My first few visits to Rainham were quite good. In December 2005 when the reserve was still being developed and was in fact "closed", special arrangements were made when the Sociable Plover appeared there. We returned shortly after for a second viewing plus the added bonus of a few wintering Penduline Tits there. We returned again in Feb 2006 just to year tick the Penduline Tits.
Above Sociable Plover and Penduline Tit at Rainham in Dec 2005
Then things started to sour a little with two visits and two dreadful days for the putative SLATEY-BACKED GULL. And then last Saturday we dipped for the third consecutivevisit to Rainham with the elusive BAILLON'S CRAKE.
But the Baillon's Crake continued to perform during the week, and we planned a return visit. The reserve was being opened up at 05-00hrs on Saturday morning, and that meant a 02-00hrs departure time. My only concern was that instructions on the Birdforum thread kept saying that it was best to sit on the right hand side of the hide. I'd got visions of the hide tipping up as everyone stood on the same side. We had a good journey down, arriving at Rainham smack bang on 05-00hrs, and we parked behind the other ten cars already parked up. I walked at a brisk pace through the darkness to the hide, and managed to get a good standing place immediately behind those on the front row (and that just happened to be good old Brocton Ian). Then we all waited for it to get light.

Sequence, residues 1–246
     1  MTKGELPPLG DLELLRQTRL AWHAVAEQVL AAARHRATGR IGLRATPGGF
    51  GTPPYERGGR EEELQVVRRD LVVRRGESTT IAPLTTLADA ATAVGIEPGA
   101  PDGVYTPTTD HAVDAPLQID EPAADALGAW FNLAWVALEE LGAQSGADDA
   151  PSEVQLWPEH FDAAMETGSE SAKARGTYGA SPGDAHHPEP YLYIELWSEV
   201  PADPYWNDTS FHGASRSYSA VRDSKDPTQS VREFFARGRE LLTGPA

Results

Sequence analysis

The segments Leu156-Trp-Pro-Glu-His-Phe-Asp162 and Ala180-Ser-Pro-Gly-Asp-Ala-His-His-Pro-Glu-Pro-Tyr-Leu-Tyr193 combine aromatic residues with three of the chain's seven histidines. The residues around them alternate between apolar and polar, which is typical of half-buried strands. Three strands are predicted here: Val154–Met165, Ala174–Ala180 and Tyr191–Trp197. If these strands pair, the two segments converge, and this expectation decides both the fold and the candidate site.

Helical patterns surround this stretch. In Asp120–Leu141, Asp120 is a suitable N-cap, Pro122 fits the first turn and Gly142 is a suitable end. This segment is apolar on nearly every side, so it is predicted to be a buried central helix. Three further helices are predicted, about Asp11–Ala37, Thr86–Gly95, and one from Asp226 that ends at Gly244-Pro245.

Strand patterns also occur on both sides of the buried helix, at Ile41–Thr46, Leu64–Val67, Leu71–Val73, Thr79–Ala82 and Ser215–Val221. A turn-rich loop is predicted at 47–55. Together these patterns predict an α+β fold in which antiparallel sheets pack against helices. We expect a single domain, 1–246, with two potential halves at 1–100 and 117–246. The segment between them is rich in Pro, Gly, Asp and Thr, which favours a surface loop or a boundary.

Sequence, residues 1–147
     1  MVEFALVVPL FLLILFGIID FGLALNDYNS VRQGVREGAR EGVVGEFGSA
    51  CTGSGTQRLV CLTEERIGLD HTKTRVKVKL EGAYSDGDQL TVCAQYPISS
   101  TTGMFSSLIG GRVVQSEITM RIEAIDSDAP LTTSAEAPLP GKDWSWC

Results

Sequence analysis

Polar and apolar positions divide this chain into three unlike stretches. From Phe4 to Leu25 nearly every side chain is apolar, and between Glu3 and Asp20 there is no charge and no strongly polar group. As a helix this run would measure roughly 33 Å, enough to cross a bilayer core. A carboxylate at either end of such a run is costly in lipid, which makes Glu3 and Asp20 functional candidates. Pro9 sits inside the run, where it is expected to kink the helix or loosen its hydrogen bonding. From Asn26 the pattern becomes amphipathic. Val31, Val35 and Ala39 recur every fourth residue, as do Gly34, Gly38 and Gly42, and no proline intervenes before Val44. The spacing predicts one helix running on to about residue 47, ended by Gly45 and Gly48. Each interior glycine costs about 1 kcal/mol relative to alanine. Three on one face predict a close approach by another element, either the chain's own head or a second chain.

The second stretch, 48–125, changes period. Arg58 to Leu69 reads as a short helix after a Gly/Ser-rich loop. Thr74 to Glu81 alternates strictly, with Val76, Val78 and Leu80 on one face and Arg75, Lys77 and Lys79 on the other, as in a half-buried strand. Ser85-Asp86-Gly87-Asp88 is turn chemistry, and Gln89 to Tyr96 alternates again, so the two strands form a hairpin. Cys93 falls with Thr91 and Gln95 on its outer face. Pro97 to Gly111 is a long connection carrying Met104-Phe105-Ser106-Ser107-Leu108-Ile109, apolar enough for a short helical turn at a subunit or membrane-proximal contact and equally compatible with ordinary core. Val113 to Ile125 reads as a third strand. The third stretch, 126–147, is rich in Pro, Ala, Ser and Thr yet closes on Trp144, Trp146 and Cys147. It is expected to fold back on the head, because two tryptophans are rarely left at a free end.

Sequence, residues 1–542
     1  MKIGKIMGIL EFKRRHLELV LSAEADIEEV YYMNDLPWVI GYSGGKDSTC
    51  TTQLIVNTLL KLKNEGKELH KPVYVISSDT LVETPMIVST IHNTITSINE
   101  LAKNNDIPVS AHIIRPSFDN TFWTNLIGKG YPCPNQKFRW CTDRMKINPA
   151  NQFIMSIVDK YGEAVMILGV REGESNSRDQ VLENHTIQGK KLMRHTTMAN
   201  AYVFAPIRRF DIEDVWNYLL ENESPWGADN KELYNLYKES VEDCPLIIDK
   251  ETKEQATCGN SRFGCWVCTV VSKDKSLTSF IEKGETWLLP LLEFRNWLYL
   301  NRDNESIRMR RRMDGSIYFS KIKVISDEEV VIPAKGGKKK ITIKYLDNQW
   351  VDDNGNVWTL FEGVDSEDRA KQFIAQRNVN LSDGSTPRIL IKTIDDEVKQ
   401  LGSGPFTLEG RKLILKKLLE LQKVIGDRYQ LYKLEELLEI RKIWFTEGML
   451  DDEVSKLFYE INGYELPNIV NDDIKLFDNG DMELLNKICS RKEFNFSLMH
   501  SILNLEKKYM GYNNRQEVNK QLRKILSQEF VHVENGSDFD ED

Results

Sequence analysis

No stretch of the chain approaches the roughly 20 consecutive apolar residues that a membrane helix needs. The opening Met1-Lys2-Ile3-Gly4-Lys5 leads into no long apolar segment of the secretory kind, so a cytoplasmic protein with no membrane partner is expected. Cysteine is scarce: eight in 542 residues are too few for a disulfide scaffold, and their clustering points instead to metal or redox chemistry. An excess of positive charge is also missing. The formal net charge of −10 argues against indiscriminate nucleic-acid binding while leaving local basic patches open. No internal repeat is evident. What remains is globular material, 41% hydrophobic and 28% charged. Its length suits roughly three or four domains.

At about 06-10hrs, mumblings came from the middle of the hide. The bird was on show. Walking in front of the reeds, behind the Coot. I couldn't see it. I scanned frantically. I then realised they had forgotten the key bit of the directions. It was on the far pool, not the near one that we had all expected it to be on. And there in the early morning light was the juv Baillon's Crake, standing in full view.
We watched it until a Coot chased it off, and as the light improved, there were two more fleeting flight views. At 07-20hrs, it came out and worked the stretch of reed bed straight in front of the hide. These were the views we wanted, and the click of the cameras was almost deafening. At 07-30hrs it went into the reeds, and that was time for a mass exodus of the hide. Those who had made the effort to get up early were well rewarded. Those late comers we passed on the way back to the car had a six hour wait until the next sighting.
A packed hide at 06-50hrs
The juv Baillon's Crake
At 08-00hrs, we ha our breakfast, thanked Howard for his excellent organisation once again and headed back to Staffordshire. We arrived at Branston Pits at 11-00hrs and carried on our normal days birding. Two ticks in eight days isn't too bad a start to Autumn 2012.